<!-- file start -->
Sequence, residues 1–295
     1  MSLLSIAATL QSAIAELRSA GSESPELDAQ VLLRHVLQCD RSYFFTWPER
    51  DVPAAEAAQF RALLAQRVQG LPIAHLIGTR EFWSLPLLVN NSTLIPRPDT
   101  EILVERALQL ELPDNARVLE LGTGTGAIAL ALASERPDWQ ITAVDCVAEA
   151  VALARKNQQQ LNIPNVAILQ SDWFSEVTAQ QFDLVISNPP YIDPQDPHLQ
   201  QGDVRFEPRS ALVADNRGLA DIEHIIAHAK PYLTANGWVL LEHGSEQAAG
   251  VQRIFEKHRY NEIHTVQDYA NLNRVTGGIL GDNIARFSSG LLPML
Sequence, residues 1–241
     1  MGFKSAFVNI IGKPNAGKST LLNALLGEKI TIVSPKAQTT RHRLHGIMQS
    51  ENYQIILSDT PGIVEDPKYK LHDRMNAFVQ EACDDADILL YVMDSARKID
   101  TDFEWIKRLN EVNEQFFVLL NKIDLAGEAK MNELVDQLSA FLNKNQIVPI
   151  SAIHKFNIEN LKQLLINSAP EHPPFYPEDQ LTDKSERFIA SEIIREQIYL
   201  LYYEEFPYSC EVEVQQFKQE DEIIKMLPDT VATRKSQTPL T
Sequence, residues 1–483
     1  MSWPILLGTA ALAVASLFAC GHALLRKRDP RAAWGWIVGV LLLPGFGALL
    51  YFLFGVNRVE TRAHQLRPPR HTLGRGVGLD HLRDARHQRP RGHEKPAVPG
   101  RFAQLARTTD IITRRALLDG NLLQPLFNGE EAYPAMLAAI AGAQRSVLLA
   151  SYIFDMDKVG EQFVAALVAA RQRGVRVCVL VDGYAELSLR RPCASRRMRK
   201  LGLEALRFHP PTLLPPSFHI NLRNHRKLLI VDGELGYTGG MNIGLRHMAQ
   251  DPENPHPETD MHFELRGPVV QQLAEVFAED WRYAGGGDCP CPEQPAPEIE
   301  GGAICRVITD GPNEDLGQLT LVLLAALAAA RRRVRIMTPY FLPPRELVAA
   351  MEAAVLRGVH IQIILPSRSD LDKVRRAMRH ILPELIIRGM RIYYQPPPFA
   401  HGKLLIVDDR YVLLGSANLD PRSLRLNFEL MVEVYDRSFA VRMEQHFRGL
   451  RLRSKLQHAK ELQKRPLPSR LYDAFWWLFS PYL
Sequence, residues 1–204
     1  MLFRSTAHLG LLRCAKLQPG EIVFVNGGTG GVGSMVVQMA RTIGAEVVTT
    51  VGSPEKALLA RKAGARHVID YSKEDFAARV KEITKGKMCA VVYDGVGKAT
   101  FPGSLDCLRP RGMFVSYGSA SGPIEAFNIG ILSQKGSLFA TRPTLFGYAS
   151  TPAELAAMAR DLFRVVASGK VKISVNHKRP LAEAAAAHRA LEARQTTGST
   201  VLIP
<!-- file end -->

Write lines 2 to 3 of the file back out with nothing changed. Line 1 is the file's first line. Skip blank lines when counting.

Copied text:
     1  MSLLSIAATL QSAIAELRSA GSESPELDAQ VLLRHVLQCD RSYFFTWPER
    51  DVPAAEAAQF RALLAQRVQG LPIAHLIGTR EFWSLPLLVN NSTLIPRPDT